http://www.1800petmeds.com/Soloxine-prod10138.html
http://healthypets.mercola.com/sites/healthypets/archive/2010/09/21/cushings-disease-caused-by-pet-stress.aspx

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Our holistic vet received this email on Monday November 2 and by Friday the 6th we had Leo in testing him for Cushing’s a second time. As you remember from above the old vet tested him and it came back negative. This time Leo was not on unnecessary medication (Soloxine) that would skew the results. On Monday November 9th we received the call that confirmed that Leo DOES have Cushing’s Disease.
Leo has now started Vetoryl, one of the only FDA approved medications to help with Cushing’s…not a cure, but a help. Leo has only taken two doses so far.
Now our adventures in diagnosed Cushing’s Disease begins….we will be sharing Leo’s story along the way.

**PET PARENTS:  PLEASE FOLLOW YOUR GUT.  FOLLOW YOUR INSTINCT.  GET A SECOND OPINION OR EVEN A THIRD IF NEEDED.  DON’T BLINDLY TRUST A DIAGNOSIS IF YOU FEEL LIKE IT COULD BE SOMETHING DIFFERENT.  DO YOUR RESEARCH.  ASK QUESTIONS.  ADVOCATE FOR YOUR PETS–YOU ARE THEIR VOICE!!!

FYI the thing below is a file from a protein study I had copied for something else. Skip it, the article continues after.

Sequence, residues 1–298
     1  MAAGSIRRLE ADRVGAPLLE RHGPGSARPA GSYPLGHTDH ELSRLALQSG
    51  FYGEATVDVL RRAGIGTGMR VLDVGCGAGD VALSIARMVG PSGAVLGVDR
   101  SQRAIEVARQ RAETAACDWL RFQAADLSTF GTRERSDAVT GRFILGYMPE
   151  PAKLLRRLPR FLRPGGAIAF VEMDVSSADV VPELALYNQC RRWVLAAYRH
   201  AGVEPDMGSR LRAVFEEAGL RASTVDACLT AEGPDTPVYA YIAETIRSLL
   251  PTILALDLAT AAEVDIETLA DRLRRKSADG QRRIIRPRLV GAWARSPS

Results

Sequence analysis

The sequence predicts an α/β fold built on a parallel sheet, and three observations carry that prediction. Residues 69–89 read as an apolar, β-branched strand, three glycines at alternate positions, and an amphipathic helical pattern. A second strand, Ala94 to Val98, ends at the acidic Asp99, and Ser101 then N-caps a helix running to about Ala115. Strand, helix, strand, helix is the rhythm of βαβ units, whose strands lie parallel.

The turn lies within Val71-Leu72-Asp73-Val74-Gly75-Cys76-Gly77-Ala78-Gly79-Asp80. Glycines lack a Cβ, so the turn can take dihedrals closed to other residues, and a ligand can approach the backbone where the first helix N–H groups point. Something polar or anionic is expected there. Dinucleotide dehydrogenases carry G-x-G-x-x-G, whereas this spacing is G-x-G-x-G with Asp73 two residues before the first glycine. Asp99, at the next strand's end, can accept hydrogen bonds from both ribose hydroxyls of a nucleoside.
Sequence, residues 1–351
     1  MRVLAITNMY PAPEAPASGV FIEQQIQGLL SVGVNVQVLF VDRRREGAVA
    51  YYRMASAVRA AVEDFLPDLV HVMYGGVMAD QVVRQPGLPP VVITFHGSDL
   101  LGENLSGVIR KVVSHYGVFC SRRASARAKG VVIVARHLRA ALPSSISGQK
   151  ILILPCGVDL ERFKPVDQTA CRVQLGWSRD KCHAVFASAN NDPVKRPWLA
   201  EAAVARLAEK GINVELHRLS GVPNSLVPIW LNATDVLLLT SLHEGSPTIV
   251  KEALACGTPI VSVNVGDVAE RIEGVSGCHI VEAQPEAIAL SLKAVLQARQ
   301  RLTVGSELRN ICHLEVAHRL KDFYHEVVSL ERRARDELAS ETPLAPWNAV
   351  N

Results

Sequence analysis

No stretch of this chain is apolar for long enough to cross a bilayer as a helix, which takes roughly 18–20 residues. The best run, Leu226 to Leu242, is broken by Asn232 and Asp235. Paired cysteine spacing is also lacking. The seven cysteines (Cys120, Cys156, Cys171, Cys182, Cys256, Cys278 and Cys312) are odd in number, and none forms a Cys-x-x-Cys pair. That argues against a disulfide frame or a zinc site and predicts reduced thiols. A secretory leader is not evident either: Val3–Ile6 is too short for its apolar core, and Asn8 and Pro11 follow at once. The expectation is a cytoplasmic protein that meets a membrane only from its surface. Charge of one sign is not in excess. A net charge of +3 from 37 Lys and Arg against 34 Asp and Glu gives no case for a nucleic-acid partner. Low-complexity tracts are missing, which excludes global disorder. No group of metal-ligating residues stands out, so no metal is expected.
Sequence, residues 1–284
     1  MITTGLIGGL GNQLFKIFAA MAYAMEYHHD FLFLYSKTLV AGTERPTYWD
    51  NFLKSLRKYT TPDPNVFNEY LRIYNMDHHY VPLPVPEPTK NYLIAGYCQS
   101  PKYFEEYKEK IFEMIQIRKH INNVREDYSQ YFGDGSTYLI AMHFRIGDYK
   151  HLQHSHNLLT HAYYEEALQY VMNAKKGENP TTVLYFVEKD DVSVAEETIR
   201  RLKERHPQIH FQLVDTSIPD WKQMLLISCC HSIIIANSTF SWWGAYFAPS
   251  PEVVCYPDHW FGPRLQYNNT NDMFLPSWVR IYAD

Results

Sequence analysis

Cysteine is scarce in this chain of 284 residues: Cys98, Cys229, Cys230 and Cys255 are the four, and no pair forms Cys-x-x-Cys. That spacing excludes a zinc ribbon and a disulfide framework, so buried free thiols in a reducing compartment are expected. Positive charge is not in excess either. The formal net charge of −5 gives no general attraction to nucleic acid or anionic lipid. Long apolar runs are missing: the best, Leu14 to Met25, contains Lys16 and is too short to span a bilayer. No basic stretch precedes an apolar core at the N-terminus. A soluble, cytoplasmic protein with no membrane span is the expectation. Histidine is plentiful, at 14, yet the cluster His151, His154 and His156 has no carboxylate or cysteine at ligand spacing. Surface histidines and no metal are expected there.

Leo the Boston Terrier with his sister Kuki and brother Doc.

Leo the Boston Terrier with his sister Kuki and brother Doc.

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Leo’s Enucleation Surgery from the Day Before to 2 Weeks Out

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Seeing a family member in pain is heartbreaking, doesn’t matter if it is a human or animal family member.  Having to go through surgery can and is very stressful…having a child/fur baby go through surgery can be even worse.   What is something happens?  What if something goes wrong?  What should I expect after the surgery?  What will the healing process be like?  Will my loved one be in pain?  These were just a few of the questions I asked myself, my husband and our vet prior to Leo’s enucleation surgery.  I spent weeks researching online and found a lot of technical information, but didn’t find very many personal experiences, so we decided it would be best to share Leo’s story and daily progress, in hopes that it would help some other families going through the same situation.

Leo’s Story: